It’s pretty common for an in-development game to get cancelled before it ever sees the light of day. This often happens early, in the prototype stage, but sometimes a game is well along in development before the plug gets pulled. In even rarer cases (such as Star Fox 2 before the release of the SNES Classic) a game is completely finished and still shelved anyway.
This is exactly what happened to Rare over 20 years ago according to Rare employee Paul Machacek. In an interview with RareFanDaBase, Machacek claimed that he worked on a Game Boy version of Super Battletoads (an alternate name for the Battletoads Arcade game) that was developed all the way through to completion, but then cancelled when the arcade title underperformed.
RareFanDaBase:Were there any canned projects that you were particularly fond of that you really wish had come to fruition?
Paul Machacek: Probably the most annoying is Super Battletoads on the Gameboy. Heard of it? No, nor has almost anyone else. It was the fourth one I’d written in the serious, was a spinoff from the arcade game of the same name, and was 100% finished and signed off by Test. Then it got cancelled shortly after I moved onto Donkey Kong Land because the arcade game had underperformed in market and Tradewest pulled the plug on the whole franchise.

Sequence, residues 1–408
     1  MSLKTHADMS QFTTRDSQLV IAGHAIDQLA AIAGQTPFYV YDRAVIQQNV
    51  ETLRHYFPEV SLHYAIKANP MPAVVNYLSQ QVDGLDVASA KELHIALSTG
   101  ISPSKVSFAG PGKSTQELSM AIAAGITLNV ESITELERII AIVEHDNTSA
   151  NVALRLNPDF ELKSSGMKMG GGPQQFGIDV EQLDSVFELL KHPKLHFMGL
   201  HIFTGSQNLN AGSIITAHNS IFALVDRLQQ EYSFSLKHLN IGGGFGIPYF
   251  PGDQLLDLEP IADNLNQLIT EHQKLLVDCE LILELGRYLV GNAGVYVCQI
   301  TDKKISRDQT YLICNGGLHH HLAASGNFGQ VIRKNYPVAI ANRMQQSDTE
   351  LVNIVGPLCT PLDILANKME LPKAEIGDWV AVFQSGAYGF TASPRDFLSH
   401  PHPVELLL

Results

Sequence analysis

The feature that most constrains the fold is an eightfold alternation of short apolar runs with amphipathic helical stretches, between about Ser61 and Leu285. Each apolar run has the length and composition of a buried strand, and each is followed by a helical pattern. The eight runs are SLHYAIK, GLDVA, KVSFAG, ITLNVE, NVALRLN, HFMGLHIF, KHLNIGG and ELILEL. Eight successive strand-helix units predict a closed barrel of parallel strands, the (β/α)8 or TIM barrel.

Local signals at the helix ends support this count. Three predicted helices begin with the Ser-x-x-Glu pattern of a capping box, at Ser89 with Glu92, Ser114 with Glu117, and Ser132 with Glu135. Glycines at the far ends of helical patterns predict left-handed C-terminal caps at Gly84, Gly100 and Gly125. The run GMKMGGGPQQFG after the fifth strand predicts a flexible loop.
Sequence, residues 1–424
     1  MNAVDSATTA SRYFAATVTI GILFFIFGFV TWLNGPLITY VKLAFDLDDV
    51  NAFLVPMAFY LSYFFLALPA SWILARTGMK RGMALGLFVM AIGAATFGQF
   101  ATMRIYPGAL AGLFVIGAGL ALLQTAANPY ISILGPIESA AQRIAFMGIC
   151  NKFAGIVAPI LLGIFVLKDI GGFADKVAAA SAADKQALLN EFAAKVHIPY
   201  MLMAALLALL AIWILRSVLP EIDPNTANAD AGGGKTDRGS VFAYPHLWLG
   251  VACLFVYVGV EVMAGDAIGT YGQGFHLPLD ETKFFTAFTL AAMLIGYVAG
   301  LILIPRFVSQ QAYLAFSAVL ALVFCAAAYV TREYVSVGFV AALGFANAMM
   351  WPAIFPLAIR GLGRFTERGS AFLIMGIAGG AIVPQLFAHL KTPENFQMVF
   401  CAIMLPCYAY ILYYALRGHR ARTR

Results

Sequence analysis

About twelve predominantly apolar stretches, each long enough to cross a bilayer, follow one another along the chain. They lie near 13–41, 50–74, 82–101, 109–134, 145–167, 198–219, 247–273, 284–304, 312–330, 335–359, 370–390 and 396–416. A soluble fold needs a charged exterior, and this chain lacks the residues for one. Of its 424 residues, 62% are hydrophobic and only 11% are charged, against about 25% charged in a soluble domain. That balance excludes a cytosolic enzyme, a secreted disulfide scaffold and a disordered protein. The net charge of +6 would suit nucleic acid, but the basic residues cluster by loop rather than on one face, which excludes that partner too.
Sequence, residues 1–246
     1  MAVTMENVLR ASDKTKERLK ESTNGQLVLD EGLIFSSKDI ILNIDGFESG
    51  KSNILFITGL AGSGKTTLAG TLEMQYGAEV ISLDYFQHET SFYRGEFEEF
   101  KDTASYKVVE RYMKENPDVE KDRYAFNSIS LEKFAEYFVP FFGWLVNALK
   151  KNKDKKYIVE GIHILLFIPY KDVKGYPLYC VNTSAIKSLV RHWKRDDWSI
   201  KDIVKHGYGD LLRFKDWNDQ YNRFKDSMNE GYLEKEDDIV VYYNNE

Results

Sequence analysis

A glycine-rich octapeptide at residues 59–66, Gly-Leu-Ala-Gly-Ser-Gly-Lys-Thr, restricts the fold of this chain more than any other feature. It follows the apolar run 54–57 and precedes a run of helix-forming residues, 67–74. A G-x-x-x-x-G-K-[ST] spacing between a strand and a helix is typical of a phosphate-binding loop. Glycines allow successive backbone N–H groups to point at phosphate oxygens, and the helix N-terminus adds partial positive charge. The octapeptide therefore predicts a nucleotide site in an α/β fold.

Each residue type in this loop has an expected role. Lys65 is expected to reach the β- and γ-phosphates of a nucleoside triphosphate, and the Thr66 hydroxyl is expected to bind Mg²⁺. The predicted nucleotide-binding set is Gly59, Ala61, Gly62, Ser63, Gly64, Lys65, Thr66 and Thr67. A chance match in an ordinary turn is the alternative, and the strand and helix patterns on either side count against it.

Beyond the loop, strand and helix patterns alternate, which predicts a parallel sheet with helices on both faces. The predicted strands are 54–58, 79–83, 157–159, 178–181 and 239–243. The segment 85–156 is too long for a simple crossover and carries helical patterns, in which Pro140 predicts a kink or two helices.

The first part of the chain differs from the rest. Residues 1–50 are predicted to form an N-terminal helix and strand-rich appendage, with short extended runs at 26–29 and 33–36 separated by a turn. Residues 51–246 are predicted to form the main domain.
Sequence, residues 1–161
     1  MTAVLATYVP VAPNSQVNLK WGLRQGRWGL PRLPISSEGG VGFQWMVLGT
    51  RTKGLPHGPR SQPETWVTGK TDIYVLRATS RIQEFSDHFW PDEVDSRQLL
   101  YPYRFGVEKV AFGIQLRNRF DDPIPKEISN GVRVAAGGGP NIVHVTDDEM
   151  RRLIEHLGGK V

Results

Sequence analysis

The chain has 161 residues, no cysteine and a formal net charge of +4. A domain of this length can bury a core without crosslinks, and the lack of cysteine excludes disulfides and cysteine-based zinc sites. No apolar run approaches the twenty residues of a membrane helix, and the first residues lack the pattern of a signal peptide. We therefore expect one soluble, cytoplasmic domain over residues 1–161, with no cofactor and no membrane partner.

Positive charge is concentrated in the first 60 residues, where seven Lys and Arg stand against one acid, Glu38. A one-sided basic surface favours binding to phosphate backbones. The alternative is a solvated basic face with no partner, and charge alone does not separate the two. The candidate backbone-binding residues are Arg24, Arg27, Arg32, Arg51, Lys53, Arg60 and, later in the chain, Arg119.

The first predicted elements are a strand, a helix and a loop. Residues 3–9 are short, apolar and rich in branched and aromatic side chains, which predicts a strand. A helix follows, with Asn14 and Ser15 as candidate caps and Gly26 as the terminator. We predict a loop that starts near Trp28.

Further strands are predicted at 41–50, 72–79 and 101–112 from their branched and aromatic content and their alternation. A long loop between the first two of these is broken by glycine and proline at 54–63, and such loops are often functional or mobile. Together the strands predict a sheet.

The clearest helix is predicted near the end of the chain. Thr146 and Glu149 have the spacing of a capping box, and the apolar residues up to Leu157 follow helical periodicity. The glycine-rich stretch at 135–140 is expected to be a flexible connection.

In 2015, during Rare Replay development, with long term members of Rare saying to me “don’t be silly, that game never existed”, we found it sitting on an old disc. A finished copy of the game. One of the engineers here happened to have a Gameboy emulator and we dragged the file into it and waited with bated breath. It ran! I couldn’t believe it, no one had seen this game in about 22 years, and I was the only person who recalled its existence at all.